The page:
Under the dictatorship of Saddam Hussein the front between Sunni and Shia almost ran through Mosul. Many senior figures in Iraqi politics and in the military came from Mosul’s Sunni population – a population that tended to live on the west bank of the River Tigris. The Kurds, the Shia Arabs and other minorities tended to live on the east bank of the river.
After the start of the Iraq Iran war in 1980 Saddam’s oppression of the Shia Arabs and Kurdish insurgents within Iraq, and within this fractured city, becomes genocidal. Saddam murdered people – including children – with those weapons of mass destruction that very few people, in the name of civilisation, were prepared to a take moral stand against.
When that stand was finally taken in 2003 and Saddam was overthrown not enough was done to shore up the various factions that would have allowed Iraq to function as a modern nation. This is why, in 2014, approximately 1,500 ISIS troops could capture Mosul – a city which was defend by 30,000 Iraqi troops and 30,000 policemen. In Mosul you can see how fragile civilisation is. A band of thugs, murderers and fantasists brought the whole thing crashing down.
The existence of ISIS is an affront to humanity and civilisation, and their legacy in Mosul has been to reduce that city to barbarity. Cities are civilisation – the movement of goods and people and ideas that drive progress have almost always, since the days of ancient Nineveh, driven that progress in cities. Cities are, in their complexity and in their culture and in their capacity to manage nature, humanity at its best. ISIS are the negation of all of that. They are no better than the rats crawling through the ruins.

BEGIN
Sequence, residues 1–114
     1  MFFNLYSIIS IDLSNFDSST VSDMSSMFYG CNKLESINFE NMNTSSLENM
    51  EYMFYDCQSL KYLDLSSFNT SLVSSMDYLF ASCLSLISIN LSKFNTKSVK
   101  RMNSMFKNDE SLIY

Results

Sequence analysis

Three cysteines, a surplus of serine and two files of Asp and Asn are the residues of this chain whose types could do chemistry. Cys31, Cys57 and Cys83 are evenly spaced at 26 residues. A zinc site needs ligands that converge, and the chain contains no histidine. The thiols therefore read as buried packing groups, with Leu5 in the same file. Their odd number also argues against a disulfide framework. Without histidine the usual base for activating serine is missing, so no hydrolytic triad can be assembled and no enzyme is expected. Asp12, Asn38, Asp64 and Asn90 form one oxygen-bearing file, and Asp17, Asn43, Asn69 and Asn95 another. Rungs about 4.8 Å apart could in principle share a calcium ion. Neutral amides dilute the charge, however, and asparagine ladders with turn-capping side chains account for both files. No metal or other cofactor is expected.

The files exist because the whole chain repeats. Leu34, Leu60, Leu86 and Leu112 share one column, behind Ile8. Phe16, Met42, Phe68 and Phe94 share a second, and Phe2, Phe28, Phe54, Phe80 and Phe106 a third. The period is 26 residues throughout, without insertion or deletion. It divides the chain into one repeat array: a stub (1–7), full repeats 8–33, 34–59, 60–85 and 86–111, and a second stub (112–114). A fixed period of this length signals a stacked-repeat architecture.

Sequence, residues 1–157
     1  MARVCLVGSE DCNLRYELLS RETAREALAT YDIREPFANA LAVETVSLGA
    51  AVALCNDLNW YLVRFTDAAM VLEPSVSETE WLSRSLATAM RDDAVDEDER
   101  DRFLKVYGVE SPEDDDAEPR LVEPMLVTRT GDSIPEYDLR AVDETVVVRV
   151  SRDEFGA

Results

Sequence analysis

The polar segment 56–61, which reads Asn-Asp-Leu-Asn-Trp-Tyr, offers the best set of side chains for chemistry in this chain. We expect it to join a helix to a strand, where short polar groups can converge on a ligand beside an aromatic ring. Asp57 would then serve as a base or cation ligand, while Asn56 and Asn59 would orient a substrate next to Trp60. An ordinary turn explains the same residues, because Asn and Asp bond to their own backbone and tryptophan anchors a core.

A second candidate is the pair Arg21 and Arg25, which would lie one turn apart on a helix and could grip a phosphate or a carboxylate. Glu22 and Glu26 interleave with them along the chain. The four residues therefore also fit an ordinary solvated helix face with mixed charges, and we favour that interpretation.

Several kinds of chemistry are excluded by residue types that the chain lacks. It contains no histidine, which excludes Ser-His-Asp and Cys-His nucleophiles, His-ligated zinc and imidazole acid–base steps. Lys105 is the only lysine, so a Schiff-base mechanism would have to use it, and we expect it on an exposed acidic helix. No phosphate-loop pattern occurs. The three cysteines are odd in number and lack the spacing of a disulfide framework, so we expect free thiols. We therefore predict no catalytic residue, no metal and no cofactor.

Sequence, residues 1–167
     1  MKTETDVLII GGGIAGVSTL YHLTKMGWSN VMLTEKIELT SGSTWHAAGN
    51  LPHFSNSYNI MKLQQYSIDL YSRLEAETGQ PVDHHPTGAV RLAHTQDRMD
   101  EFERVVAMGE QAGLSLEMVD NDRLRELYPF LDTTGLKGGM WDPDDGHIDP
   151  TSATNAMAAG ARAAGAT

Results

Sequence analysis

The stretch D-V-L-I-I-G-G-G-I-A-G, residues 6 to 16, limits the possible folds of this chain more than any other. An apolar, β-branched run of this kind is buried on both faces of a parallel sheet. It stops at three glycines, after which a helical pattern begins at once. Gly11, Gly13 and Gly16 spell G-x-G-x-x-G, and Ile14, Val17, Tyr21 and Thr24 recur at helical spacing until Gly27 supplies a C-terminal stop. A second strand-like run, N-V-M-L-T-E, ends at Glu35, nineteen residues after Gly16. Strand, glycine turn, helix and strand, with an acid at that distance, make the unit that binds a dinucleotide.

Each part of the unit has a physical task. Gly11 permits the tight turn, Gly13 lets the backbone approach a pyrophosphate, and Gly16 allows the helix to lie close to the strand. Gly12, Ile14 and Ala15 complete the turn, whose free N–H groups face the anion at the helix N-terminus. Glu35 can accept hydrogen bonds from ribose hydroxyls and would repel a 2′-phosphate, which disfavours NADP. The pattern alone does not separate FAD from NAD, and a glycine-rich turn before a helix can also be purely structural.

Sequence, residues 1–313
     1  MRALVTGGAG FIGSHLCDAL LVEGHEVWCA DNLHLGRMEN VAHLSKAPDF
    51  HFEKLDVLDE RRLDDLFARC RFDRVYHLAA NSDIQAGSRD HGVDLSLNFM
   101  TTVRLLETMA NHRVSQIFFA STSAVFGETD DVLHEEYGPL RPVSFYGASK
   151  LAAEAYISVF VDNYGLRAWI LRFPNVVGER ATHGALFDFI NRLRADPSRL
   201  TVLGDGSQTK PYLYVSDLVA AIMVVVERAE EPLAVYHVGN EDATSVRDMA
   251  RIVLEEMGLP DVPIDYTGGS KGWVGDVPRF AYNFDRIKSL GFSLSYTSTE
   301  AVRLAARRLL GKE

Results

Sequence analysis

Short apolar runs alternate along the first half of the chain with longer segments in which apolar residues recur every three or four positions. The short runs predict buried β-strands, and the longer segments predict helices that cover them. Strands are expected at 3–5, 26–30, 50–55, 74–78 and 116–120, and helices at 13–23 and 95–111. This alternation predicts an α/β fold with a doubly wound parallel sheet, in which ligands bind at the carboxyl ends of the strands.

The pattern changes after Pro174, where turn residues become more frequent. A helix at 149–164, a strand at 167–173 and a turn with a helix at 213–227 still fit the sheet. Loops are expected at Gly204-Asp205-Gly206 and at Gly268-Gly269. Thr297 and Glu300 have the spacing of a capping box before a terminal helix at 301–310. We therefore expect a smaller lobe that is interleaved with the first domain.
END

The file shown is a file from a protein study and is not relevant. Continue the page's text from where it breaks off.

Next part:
Rattenkrieg (Rat War) was also how the Germans described much of the fighting at The Battle of Stalingrad. The Russian defenders of the city swarmed through the sewers, coming up through the basements, fighting for each block, each street, each house, each room, each wall. Much of the Battle of Stalingrad was fought with all the benefits that modern technology could bring to the battlefield, benefits such as attritional shelling and bombing, which reduced the city to rubble. And it was amongst this rubble that much of this battle was fought. And it was fought with a terrifying intimacy.
One tactic used by the often heroic Russian forces was to position their own front lines as close to the enemy as possible so to ‘hug’ the German advanced positions. This stopped the fluidity of movement and integrated assaults that had brought many of the German military successes up to that point in the war. The Russians smothered and choked any German attempt to advance.
The Battle of Stalingrad had begun on August 23, 1942. By Mid November the Russians, though a series of counter attacks, had surrounded the city. The German 6th Army was cut off. The Battle would continue until February 2, 1943, when the German Field Marshall Frederich Paulus, who was in change of the 9th Army, disobeyed Hitler’s order to keep fighting and surrendered. More than 91,000 prisoners were taken. Of these only about 5,000 would ever return to Germany. In total on both sides somewhere up to two million people were killed, wounded or captured at Stalingrad. It is the largest single battle in history.